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David Baxter

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Brain matures slower in kids with ADHD, researchers say
Monday, November 12, 2007
CBC News

The areas of the brain responsible for functions such as attention and memory develop slower in children with attention-deficit/hyperactivity disorder than those of their non-ADHD counterparts, new research suggests.

Scientists from the U.S. National Institute of Mental Health in Maryland and the Montreal Neurological Institute at McGill University found that the parts of the brain responsible for higher cognitive functions develop up to three years slower in children with ADHD.

In their report, published in Monday's online edition of Proceedings of the National Academy of Sciences, the research team estimated that ADHD affects between three and five per cent of school children.

To reach this conclusion, the scientists measured the thickness of the outer layer of the brain, the cortex, at 40,000 points of the brain of 223 children with ADHD and 223 others who were developing in a typical way. The scans were repeated two, three or four times at three-year intervals.

The team found that, on average, children with ADHD reached peak cortex thickness when they were 10.5 years old, in comparison to other children at 7.5 years.

The delay was most pronounced in the brain's lateral prefrontal cortex, which is responsible for controlling attention, memory and high-order motor control. They also found a delay in the temporal cortex, which is responsible for coordinating sensory data with motor functions, such as sound recognition.

One area of the brain developed more quickly in children with ADHD — the motor cortex, responsible for movements. The research team said this finding could account for the fidgety behaviour associated with the disorder.

"Finding a normal pattern of cortex maturation, albeit delayed, in children with ADHD should be reassuring to families and could help to explain why many youth eventually seem to grow out of the disorder 1," lead researcher Dr. Philip Shaw of the U.S. National Institute of Mental Health said in a statement.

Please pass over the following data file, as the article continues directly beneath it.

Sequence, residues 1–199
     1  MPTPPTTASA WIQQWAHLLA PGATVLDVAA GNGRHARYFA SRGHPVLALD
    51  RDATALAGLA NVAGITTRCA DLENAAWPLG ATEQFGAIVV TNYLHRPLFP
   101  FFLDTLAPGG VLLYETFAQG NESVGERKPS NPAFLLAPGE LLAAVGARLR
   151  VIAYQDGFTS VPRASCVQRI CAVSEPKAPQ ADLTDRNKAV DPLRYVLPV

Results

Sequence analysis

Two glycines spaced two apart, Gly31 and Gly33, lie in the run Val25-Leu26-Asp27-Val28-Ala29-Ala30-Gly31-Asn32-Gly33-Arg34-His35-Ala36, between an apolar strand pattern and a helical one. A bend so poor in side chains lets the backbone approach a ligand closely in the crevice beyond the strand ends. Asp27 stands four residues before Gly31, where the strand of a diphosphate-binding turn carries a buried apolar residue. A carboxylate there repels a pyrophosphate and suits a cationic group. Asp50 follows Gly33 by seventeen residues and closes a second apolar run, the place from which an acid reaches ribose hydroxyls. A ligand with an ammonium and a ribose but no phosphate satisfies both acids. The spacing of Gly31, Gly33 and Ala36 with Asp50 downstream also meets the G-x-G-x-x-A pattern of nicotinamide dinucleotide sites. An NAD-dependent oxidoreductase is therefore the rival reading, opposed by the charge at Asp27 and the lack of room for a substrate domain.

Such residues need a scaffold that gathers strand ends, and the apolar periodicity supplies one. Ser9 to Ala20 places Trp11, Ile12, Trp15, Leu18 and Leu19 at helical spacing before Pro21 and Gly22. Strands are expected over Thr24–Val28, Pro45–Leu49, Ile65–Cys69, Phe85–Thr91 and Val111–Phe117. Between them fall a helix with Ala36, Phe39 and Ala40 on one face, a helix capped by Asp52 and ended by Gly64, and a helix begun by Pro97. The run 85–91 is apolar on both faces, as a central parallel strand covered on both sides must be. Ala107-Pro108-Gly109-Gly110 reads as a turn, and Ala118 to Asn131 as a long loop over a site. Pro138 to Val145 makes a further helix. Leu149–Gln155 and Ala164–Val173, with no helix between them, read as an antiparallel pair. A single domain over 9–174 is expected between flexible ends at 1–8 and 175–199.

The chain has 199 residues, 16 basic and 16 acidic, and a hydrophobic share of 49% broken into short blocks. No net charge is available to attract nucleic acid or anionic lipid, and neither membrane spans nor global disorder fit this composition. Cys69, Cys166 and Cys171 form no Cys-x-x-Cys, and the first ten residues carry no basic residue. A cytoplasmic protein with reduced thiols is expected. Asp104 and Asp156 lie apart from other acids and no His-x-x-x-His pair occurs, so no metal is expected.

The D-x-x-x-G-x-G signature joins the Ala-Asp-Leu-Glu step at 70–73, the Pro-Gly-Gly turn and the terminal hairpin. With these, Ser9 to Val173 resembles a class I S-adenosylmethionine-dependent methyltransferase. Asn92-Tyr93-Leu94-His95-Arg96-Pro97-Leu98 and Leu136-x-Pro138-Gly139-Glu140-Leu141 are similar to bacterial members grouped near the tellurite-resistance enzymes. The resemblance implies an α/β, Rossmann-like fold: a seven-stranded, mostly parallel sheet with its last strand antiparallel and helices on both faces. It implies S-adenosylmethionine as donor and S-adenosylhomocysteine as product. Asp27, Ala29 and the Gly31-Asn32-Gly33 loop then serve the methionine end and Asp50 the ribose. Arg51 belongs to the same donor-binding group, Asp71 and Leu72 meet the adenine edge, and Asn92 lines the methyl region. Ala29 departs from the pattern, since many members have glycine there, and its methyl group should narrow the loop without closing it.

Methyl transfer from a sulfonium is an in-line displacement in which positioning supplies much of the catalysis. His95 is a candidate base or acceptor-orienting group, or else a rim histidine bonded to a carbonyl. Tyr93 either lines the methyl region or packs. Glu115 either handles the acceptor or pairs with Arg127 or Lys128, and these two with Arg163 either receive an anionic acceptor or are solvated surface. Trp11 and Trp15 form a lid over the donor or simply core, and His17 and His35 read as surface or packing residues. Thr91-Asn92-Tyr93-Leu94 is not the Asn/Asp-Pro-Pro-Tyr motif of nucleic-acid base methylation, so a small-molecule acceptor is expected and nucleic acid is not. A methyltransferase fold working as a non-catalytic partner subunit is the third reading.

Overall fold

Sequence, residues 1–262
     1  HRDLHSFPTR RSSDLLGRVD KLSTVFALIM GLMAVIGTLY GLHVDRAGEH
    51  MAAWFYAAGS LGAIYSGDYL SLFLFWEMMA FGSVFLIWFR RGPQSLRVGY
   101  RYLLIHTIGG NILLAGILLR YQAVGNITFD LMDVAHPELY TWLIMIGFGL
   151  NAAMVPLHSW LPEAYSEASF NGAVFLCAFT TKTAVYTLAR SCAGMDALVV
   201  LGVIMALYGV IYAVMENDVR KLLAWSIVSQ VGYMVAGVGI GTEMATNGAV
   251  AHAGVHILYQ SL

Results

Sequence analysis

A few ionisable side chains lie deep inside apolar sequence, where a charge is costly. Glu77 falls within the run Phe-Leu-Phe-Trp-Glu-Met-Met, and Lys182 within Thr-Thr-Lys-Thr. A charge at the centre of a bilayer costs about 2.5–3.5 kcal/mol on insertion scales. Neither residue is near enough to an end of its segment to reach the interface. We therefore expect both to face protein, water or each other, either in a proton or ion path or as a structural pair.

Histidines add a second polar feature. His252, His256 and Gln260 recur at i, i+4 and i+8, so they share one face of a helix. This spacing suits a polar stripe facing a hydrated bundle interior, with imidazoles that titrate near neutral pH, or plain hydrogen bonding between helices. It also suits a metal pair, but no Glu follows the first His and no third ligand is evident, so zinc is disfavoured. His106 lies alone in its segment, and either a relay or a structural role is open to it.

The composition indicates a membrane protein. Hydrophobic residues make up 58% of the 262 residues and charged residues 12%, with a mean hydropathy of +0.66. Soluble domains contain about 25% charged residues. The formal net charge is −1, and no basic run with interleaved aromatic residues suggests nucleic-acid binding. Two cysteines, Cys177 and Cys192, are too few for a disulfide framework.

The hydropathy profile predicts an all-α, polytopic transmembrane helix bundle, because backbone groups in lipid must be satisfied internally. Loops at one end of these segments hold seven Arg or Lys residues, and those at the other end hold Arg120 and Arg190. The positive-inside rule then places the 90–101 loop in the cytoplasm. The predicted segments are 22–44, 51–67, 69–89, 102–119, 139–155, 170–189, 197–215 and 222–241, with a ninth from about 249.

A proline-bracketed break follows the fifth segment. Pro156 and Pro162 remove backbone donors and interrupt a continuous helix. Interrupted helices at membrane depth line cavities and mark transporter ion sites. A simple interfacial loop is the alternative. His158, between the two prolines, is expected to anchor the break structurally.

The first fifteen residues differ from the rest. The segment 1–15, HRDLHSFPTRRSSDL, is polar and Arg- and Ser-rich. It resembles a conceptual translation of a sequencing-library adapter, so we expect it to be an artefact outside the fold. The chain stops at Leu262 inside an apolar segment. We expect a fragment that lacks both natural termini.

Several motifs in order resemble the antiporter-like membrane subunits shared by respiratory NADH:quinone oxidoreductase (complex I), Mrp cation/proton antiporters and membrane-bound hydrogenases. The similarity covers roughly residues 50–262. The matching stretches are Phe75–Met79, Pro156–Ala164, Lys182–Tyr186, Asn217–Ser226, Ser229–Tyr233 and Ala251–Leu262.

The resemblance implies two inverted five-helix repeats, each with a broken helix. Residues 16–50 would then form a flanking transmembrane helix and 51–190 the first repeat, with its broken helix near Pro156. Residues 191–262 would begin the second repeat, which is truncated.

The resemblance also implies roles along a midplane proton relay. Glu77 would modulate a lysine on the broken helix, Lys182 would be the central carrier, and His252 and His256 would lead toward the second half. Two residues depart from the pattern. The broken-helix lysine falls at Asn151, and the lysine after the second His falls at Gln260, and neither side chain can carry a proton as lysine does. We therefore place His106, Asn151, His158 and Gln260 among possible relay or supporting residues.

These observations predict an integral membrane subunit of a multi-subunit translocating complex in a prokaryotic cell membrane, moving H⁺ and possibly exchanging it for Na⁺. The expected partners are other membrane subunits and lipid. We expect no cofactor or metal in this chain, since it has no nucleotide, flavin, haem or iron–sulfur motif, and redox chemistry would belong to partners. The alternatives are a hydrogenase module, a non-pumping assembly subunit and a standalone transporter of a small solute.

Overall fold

The study said that the difference in brain development is a "delay rather than deviance" and that by the teen years the brains were at similar thicknesses.

According to Dr. Louis J. Kraus, chief of child psychiatry at Rush University Medical Center in Chicago, "What is really important about this study is it shows us there is clearly something biologically driven for children with ADHD."

Kraus, who was not part of the research team, said that with this finding no one can argue that children are making up reasons for their behaviour.

"We don't know what the meaning is yet, whether it would change any type of treatment, but it is showing that there is something biologically different," Kraus said.

1 Comment: While it is true that some children do seem to "grow out" of the condition, many do not. In recent years, we have come to understand that many ADHD children grow up to be ADHD adults.
 
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I would say this is correct. All my ADHD-kids are slow in their development up to about 10-11 years. The for me strange thing is, that during the years 11-14 we normally get the notes from teachers: Can do more, intelligent but lazy aso, meaning, that many of our patients actually can discipline themselves a bit more at younger age than after their brains start coming into the right frame to be able to work. Can anyone tell me why this may be? All research shows those results...
Franz Rudolf
www.thedreamwalk therapy.com
 

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